Military News

November 1, 2013

Becker: Fort Jackson will dearly miss Ike McLeese

The death of Ike McLeese, one of Fort Jackson’s dearest friends and strongest supporters, hit this installation hard.

The death of Ike McLeese, one of Fort Jackson’s dearest friends and strongest supporters, hit this installation hard.

The words escape me on how to properly express how saddened our soldiers, civilians and family members are by Ike’s death. I have not been here that long, but I have been around long enough to learn and understand the fact that Ike was a staunch advocate for Fort Jackson and of our men and women in uniform in general. We have lost a friend, a partner and a great American.

He will be dearly missed.

As many of you know, Ike was the civilian aide to the secretary of the Army, a position that embodied all of his strong feelings for the military and, in this prestigious position, put all of them into motion. In this role, he represented the secretary of the Army at numerous funerals in South Carolina for fallen soldiers.

Others in the command group were quick to point out that Ike was a tremendous community force for both Columbia and Fort Jackson.

Deputy Commander Col. Stephen Yackley put it this way: “His love for the military and especially Fort Jackson had a tremendous career impact on all of us here at Fort Jackson. In his duties as the President and CEO of the Greater Columbia Chamber of Commerce, he was instrumental in Columbia being recognized as the most military friendly community in America.”

Next door, Scott Nahrwold, our deputy garrison commander, who knew Ike extremely well over the years, said Ike’s positive impact on the fort was “impossible to overstate.”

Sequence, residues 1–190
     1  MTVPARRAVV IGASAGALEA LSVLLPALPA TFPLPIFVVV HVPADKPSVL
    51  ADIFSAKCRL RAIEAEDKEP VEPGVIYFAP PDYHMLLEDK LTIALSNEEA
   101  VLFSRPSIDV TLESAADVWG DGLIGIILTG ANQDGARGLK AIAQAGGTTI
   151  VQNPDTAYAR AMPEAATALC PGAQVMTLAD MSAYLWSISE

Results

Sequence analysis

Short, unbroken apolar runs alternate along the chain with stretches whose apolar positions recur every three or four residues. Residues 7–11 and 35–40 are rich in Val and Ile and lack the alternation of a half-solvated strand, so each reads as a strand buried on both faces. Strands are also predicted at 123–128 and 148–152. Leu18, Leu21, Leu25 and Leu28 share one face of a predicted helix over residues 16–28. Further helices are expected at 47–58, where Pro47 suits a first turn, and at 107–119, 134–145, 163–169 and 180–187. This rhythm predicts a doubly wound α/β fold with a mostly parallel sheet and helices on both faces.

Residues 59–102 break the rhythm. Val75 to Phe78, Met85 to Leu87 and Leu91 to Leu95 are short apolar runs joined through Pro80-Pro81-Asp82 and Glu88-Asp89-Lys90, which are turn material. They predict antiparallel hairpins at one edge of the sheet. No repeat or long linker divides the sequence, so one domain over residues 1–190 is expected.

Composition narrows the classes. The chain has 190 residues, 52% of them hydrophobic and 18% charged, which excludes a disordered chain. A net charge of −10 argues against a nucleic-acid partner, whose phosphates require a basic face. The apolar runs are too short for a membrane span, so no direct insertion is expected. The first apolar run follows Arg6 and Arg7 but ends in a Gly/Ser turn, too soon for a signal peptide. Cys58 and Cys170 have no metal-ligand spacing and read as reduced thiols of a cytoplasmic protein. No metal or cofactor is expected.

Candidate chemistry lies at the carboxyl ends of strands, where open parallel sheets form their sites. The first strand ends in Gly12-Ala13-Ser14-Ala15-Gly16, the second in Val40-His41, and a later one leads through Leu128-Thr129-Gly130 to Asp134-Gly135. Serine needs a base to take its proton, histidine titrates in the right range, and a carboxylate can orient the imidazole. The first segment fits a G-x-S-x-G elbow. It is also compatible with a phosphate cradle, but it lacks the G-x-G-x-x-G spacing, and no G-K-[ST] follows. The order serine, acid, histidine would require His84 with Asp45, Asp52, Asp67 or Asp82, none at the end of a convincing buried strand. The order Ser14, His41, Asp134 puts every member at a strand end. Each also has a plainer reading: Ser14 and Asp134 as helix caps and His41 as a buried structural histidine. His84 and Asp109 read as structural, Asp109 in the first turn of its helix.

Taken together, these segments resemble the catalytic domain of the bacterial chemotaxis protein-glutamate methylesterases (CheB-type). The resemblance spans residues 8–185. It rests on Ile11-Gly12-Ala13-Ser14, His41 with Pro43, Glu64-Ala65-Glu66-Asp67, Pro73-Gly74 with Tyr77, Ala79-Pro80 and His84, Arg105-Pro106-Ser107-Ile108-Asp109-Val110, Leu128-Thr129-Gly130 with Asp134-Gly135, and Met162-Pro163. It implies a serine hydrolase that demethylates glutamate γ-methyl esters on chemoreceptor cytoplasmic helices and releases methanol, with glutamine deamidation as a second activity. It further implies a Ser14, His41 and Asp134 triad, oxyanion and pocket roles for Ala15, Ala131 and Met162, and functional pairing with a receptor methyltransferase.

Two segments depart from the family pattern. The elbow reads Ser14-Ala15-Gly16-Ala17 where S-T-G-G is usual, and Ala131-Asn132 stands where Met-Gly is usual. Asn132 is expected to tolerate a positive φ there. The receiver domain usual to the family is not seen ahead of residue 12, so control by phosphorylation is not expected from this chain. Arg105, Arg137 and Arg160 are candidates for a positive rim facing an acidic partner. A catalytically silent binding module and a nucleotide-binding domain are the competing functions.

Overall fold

“Throughout our 17-year personal and professional relationship, he demonstrated a deep and enduring commitment to the future of Fort Jackson, and worked tirelessly to enhance and strengthen the extraordinary relationship that exists among the greater Columbia area and the installation.”

As one of Fort Jackson’s former commanders, Maj. Gen. Bradley W. May, now deputy commanding general of initial military training, in Fort Eustis, Va., recalled: “No one cared more about Soldiers, civilians, and family members than Ike McLeese. He went above and beyond with his outreach. We salute him as his legacy lives on.”

People such as Ike are extremely rare and valuable. As soldiers, we are taught to be tough, to be resilient and to know how to pick ourselves up when we are down, and then press forward through the most difficult of times.

Unfortunately, for all of us here at Fort Jackson, this is going to be one of those most difficult of times.

Brig. Gen. Bradley Becker

Commander, U.S. Army Training Center and Fort Jackson


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